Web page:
Get Your Crimes Removed From Your Record
Learn About Expungement With The Law Office Of Jordan B. Rickards
Sometimes one bad decision seems to follow you around for life. You’ve paid your fine, served your time, and fulfilled all of the requirements of a conviction a long time ago. Nonetheless, the subject of your arrest or conviction seems to keep coming up. It follows you when you want to apply for nursing school, or decide to become a teacher, or any number of other things. Maybe you’re pursuing a firearms identification card or want to rent a nice place to live. Many of these efforts require you to pass a background check.
Depending upon the kind of arrests or convictions that show up on your record, you may find that many doors are closed to you, no matter the current state of our affairs and lawful dealings. To learn more about expungement, contact our New Jersey lawyer today!
Understanding Expungement in New Jersey
If you were ever arrested and/or convicted of a criminal offense in the state of New Jersey, it may be possible to have that record expunged. If successful, an expungement would erase your record from any mention of that arrest and/or conviction. However, not every offense is eligible for expungement. That’s why it’s imperative to consult with an expungement attorney. When you work with the Law Office of Jordan B. Rickards, you will receive high-quality service from our lead attorney. Mr. Rickards has extensive experience in various forms of law, and will work with you to remove your past mistakes from your record so you can continue living a happy, successful life.
The Expungement Process
As a general rule, disorderly persons (misdemeanor) convictions are expungeable five years after the date that any fines and period of supervisory probation has ended. However, the court may expunge such an offense after only three years for good cause shown. Further, young drug offenders (meaning people who were 21 years-old or younger at the time of the offense), who were only charged with possessing an illegal drug, may apply for an expungement after one year.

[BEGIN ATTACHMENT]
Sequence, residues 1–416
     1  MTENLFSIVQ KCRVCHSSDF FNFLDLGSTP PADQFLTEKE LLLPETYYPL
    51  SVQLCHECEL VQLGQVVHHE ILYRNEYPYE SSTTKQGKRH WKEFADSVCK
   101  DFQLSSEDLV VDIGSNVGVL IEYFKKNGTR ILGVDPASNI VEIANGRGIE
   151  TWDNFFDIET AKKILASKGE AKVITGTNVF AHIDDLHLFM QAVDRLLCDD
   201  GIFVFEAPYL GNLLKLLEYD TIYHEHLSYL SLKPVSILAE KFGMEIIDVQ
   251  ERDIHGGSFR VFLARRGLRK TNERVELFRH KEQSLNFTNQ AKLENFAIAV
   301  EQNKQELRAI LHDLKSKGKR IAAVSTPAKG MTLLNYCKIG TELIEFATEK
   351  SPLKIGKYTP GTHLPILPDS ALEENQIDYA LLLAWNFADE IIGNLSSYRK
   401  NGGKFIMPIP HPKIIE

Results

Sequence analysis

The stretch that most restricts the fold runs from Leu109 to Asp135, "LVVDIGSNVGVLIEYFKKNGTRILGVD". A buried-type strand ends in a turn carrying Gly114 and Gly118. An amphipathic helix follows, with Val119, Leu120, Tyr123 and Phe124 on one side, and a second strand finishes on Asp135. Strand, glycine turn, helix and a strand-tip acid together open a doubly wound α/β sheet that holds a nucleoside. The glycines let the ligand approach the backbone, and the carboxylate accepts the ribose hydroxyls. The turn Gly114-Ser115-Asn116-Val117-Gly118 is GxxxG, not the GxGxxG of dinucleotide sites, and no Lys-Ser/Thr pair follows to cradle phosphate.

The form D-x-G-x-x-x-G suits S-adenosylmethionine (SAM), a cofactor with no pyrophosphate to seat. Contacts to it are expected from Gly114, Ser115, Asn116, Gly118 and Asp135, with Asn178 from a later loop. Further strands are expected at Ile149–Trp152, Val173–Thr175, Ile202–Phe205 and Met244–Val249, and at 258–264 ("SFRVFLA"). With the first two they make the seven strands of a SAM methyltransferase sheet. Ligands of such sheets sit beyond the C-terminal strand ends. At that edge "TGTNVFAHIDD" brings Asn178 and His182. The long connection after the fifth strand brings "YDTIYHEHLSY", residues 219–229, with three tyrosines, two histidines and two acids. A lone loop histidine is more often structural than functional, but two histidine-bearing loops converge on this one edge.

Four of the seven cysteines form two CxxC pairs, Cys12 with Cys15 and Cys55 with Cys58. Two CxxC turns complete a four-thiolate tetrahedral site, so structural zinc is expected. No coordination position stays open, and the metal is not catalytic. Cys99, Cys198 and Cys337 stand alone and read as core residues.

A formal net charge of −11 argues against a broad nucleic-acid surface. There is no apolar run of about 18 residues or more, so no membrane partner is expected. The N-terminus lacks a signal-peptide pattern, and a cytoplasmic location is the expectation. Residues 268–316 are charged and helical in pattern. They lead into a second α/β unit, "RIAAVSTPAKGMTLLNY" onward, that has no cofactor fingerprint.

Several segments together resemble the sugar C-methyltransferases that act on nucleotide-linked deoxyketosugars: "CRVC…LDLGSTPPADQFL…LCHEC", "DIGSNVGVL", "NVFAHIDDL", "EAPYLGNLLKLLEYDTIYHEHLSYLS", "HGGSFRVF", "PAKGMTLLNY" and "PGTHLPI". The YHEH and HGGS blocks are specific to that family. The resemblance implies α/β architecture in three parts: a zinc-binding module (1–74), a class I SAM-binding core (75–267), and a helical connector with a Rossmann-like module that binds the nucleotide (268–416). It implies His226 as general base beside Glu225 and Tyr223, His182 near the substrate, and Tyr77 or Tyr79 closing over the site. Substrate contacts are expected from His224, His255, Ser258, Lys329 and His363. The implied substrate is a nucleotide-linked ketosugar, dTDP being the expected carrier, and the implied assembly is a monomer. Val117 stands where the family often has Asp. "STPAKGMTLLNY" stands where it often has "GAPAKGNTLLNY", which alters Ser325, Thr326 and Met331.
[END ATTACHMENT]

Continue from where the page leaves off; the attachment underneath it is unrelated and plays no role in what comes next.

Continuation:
Only two disorderly persons (misdemeanor) offenses may be expunged. If a defendant has completed a period of conditional discharge, that arrest can be expunged six months after the conditional discharge was terminated.
Convictions for a violation of a municipal ordinance may be expunged after two years.
Juvenile convictions are expungeable five years after discharge of the convicted from legal custody or supervision, or five years have elapsed from the entry of the judgment of delinquency.
Indictable convictions (felonies) are expungeable after ten years from the date that any supervisory probation or incarceration is completed, or the final payment of a fine, whichever is latest. Only one indictable may be expunged.
CERTAIN OFFENSES ARE NOT EXPUNGEABLE
These are as follows:
- Criminal homicide, except death by auto
- Luring or enticing
- Human trafficking
- Sexual assault or aggravated sexual assault
- Aggravated criminal sexual contact
- Criminal sexual contact (with a minor)
- Criminal restraint
- False imprisonment
- Arson and related offenses
- Endangering the welfare of a child by engaging in sexual conduct which would impair or debauch the morals of the child, or causing the child other harm
- Photographing or filming a child in a prohibited sexual act
- Causing or permitting a child to engage in a prohibited sexual act
- Distributing, possessing with intent to distribute, or using a file-sharing program to store items depicting the sexual exploitation or abuse of a child
- Possessing or viewing items depicting the sexual exploitation or abuse of a child
- False swearing
- Knowingly promoting the prostitution of the actor’s child
- Producing or possessing chemical weapons, biological agents or nuclear or radiological devices
- Conspiracies or attempts to commit such crimes
Also, convictions for the sale or distribution, or intent to sell or distribute drugs are not expungeable except in cases of marijuana under 25 grams, hashish under 5 grams, or any other drug sale or possession with intent resulting in a third or fourth degree conviction, where the court finds that expungement is within the public interest.